The private investigator would be given the employee’s work schedule and would conduct surveillance during those hours, to determine if the employee leaves her home and performs activities that she would clearly not be capable of doing if she were truly suffering from a migraine episode.  As an example, if the doctor stated on her certification that she has to “avoid light, noise, sunlight, and cannot drive while taking medication” but we see girlfriend out driving, shopping, getting a manicure, and then leaving on a cruise… Well, the physical evidence captured on video will be quite compelling.

Now, having said that, some organizations take a much softer stance on FMLA abuse and just simply “don’t go there” for fear of the risk of an interference claim or potentially even invading an employee’s privacy.    Having managed large groups of employees in my career, I am a bit more aggressive at catching FMLA gamers because of how they affect everyone else at work.  They are causing a negative impact to other employees, by causing them to be restricted in their ability to schedule vacation time, have time off with their kids and, in some cases, the FMLA gamers cause other employees to have to pull overtime shifts.  This is especially so when the FMLA gamers call in the very same day for a 10 or 12-hour shift, which is often prevalent in hospital and health care environments.

What ultimately happened with “Valerie” is that the pattern of her PTO requests didn’t align closely enough with the calling-in-FMLA-with-a-migraine days to meet the “reasonable person” standard.  In other words, her call-ins were too sporadic for any reasonable person to draw a correct conclusion.  Was it fishy?  Sure.  However, what was even more interesting after looking at the data was the frequency of her taking time off.  It was identified that there was a 45% correlation in FMLA-migraine-call-off days that coincided with her scheduled off days.  As a health care employee, she worked a lot of various shifts with off days that changed, so it took really working the data manually to figure out the pattern.  Nevertheless, they identified the pattern over a period of about six months and legal counsel supported hiring a private investigator.  As an aside, other employees had come forward around this same time to complain that “Valerie isn’t really having a migraine…she just needed the day off…and it isn’t fair…”  Additionally, Facebook postings were obtained and entered into evidence.  So, there was a correlation with the attendance records of FMLA intermittent days off correlating to scheduled off days, the date of a Facebook posting (on a day she called in FMLA-with-a-migraine) which showed her standing on the front deck of a harbor cruise along with her daughter…as well as several days of video surveillance.    The investigator captured her on video performing activities she wouldn’t be able to do if she had been legitimately suffering from a migraine headache.  It was obvious she had been fraudulent.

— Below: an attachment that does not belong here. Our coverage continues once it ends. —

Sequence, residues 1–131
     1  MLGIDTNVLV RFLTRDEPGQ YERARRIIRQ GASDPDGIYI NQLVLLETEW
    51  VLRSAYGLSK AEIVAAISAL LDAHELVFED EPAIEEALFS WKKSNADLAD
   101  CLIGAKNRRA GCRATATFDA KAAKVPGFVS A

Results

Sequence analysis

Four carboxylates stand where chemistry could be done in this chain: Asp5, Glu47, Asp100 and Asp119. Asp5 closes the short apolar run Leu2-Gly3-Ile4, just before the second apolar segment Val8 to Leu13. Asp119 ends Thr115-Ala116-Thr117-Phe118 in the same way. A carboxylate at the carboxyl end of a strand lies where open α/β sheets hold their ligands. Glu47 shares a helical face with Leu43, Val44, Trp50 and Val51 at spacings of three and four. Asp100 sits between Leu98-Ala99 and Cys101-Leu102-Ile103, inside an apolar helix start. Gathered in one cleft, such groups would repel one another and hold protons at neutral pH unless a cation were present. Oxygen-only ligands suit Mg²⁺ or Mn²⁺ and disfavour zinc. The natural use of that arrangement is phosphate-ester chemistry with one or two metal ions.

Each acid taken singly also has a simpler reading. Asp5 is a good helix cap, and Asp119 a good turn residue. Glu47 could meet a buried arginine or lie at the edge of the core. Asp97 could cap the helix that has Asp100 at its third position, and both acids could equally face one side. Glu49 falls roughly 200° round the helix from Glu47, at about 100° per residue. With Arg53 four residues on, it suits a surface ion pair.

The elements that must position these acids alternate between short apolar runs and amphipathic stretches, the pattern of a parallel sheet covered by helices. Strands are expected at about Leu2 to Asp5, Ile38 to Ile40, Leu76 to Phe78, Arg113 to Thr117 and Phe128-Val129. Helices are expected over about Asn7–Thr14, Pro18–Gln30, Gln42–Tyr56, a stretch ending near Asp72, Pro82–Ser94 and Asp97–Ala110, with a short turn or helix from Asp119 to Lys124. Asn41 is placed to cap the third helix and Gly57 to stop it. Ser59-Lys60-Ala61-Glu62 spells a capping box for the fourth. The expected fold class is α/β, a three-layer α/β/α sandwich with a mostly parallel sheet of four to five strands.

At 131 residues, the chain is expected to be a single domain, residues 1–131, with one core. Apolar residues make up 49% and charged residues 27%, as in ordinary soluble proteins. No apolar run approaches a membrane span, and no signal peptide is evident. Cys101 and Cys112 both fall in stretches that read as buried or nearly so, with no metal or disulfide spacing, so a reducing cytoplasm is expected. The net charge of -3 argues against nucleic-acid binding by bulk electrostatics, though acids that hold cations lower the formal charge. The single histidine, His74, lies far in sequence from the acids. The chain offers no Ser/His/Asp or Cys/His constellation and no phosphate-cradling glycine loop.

The bottom line is this:  It is possible to investigate FMLA Abuse.  And, it is possible to collect enough evidence to support terminating a FMLA gamer.  However, it requires a collaborative effort on behalf of the leadership team, the HR team, and the legal counsel to establish a sound, investigative strategy.   The idea is to develop a strategy that will minimize the risk of an interference claim, while at the same time gather enough physical and documentary evidence to show a fact pattern that proves the employee was fraudulent in the use of FMLA.

Oh, by the way…  Valerie was so fired. ;o)

Until next time…

Natalie Ivey, MBA, SPHR, SHRM-SCP is President & CEO of Results Performance Consulting, Inc. an HR consulting practice in Boca Raton, FL